Thursday, 15 October 2015

#293: Prague

Berlin to Prague is another semi-epic train journey, but an incredibly beautiful one at that. It's all well and good already until you pass through Dresden; thereafter, the track aligns with the winding Elbe as you follow wooded valleys across the border into the Czech Republic. The six-seater glass-doored compartment of the train only emphasises the old world Romance of the trip.

This is pretty much carried on throughout Prague itself; the old town is a preserved medieval streetscape with an abundance of churches, bridges and beer. Only the constant herd of high-season foot traffic threatens to spoil the authentic oldness of the place.

Old Town Square is where you flock when you're a tourist, and the restaurants that circle the square itself are each represented by a big Czech brewer, the name of which is on the awning. It was by accident that we found ourselves sitting in a Krušovice joint looking directly at the face of Old Town Hall, albeit through a swarm of Segways.

Being a sucker for dark lager I went straight for Krušovice Černe. It's dark alright, but it lacks the bodily heft that it needs to be called chewy, an essential component of my perfect dark lager, be it Czech, Bavarian or otherwise. The fact that it's light and comes with low carbonation makes it eminently drinkable while placing it pretty low on the scale for memorability. This is in spite of the fact that I obviously drank plenty of it over the few days. What I will remember it for is how much I enjoyed the delicious pumpkin soup I had with it on one of the chillier afternoons.

The Černovar Černé next door was marginally better, although this may have been by virtue of being served in one of those hand-grenade mini-dimpled beer mugs. It felt a little less bland with some actual toffee chocolate creeping into the otherwise still quite coppery, thin and wan dark lager.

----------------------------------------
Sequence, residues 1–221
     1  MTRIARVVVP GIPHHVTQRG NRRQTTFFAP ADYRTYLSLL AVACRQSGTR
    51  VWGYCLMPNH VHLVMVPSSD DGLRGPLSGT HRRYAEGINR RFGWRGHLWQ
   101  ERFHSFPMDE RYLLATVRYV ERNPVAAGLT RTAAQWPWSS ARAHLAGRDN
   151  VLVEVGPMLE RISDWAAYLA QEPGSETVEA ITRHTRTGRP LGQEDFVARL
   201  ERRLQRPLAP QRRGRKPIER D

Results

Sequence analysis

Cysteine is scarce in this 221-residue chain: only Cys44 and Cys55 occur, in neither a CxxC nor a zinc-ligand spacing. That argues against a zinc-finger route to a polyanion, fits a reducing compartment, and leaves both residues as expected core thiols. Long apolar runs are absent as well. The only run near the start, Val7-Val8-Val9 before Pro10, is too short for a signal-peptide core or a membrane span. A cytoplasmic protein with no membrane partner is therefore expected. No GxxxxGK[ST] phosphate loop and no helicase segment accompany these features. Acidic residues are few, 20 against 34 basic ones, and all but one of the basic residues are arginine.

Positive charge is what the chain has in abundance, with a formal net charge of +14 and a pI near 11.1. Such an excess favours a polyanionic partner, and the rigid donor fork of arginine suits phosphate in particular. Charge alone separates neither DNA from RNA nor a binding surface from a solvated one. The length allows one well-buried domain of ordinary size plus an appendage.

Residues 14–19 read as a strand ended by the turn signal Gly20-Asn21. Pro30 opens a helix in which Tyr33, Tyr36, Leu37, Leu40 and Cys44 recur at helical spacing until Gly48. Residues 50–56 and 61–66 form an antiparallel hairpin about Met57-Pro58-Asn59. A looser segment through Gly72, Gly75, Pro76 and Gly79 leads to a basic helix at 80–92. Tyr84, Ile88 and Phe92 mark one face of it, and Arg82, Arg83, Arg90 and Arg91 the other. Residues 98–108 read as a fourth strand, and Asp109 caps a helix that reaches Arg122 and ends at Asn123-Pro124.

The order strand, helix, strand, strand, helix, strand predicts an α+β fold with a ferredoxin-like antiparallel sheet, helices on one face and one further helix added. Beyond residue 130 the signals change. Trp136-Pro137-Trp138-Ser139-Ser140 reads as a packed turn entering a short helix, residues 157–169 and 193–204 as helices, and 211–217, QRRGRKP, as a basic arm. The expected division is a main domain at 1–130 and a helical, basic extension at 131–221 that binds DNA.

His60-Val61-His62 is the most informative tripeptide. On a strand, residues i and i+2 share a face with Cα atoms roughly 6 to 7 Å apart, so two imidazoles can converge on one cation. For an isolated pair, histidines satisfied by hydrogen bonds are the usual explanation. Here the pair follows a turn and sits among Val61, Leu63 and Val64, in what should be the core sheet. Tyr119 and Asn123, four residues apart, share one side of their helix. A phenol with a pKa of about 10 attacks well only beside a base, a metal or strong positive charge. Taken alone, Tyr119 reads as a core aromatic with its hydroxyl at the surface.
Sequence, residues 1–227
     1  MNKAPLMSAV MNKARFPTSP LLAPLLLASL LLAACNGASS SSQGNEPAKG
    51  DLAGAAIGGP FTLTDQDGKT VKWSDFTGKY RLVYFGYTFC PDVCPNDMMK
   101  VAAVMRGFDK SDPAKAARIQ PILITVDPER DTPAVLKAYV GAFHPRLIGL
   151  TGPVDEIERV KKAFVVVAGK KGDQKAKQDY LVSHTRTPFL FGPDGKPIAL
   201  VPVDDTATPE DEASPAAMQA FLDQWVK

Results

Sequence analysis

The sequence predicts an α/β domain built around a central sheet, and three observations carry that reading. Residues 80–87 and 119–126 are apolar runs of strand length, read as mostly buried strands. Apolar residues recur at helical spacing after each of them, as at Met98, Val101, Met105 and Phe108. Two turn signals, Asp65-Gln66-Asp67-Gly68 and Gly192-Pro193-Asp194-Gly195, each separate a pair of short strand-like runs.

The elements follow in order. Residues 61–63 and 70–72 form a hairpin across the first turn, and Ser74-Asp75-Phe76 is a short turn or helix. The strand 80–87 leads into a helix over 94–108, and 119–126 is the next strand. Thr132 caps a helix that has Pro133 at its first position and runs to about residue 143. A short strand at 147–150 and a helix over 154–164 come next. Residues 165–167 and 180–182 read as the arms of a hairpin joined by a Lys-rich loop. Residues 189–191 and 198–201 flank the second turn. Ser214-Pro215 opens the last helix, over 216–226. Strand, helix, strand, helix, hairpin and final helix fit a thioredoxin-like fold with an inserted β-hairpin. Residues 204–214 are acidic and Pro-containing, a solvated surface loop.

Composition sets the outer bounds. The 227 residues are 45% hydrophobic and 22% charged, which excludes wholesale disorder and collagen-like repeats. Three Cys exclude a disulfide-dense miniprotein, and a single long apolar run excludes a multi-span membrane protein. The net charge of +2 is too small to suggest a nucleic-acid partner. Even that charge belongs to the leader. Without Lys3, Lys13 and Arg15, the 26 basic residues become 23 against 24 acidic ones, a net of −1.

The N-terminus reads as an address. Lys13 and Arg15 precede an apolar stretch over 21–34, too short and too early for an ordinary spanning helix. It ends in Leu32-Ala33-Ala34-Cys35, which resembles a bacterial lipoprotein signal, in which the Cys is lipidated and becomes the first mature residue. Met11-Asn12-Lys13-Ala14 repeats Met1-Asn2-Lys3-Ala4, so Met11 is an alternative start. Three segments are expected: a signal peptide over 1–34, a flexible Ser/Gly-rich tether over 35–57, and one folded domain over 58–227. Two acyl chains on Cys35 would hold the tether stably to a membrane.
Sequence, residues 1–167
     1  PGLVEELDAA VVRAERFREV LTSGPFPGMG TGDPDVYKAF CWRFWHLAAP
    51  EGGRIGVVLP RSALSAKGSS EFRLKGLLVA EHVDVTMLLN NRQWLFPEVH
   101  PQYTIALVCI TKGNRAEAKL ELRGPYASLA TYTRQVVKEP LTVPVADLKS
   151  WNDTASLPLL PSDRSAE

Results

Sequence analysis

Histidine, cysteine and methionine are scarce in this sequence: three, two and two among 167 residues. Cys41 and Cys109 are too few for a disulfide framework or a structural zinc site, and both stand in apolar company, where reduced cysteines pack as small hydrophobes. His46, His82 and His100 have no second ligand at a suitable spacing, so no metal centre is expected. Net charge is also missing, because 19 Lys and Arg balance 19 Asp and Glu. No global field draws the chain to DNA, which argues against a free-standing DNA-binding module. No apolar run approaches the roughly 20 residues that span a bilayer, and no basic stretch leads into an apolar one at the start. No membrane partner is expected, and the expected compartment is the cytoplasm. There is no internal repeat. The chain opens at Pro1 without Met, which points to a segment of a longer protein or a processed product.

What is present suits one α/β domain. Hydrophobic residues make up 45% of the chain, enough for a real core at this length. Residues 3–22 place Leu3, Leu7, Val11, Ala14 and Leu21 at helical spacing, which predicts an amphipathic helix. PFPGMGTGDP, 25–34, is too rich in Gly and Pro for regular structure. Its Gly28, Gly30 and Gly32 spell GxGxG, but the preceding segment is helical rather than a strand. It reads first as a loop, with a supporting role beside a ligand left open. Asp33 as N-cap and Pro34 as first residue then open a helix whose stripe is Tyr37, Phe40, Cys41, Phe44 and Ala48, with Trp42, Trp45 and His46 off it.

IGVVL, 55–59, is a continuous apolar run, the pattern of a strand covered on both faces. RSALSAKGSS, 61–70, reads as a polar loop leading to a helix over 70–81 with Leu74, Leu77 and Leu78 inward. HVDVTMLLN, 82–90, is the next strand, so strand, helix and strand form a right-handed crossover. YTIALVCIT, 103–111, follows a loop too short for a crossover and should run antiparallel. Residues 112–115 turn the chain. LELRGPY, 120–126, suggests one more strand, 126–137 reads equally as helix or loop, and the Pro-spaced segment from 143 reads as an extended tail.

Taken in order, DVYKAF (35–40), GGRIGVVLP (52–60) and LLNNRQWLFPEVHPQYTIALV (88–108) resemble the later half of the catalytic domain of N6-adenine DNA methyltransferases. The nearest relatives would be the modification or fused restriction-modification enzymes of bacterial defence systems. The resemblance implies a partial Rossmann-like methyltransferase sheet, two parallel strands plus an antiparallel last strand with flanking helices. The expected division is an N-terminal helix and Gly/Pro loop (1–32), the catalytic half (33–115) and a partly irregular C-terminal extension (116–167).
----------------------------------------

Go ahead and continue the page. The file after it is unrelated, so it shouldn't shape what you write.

Back in the Krušovice restaurant I decided I'd take a break from the Tmavý and try the wheat beer, helpfully called Krušovice Wheat. Like it's darker brother it leaves a lot to be desired in terms of being a properly great beer, but it does at least show off slightly more flavour to begin with; there's plenty of sweet banana to taste but only an optimist can find clove on the nose. OK, so not more flavour, but more of one flavour - it begin to cloy near the finish.

I couldn't go to Prague and not try some Pilsner Urquell; it's not quite home turf, but it's close enough. Surprisingly it's not nearly as ubiquitous as I'd expected it to be, but there are official Pilsner Urquell-endorsed bars and restaurants dotted around the place. The one we stopped in here was on a neat little cobbled roundabout in the staggeringly beautiful Jewish Quarter. Pilsner Urquell comes unpasteurised here (tank beer, they call it) and it's delicious. The bready graininess is ridiculously intense and there's a decent, robust straw or grassy bitterness that lingers for ages, while the whole thing remains undeniably quaffable. Good stuff.

On the other side of town is U Fleků, where the beer is good, the environment is breathtaking and the service is downright spooky.

They will watch you come in.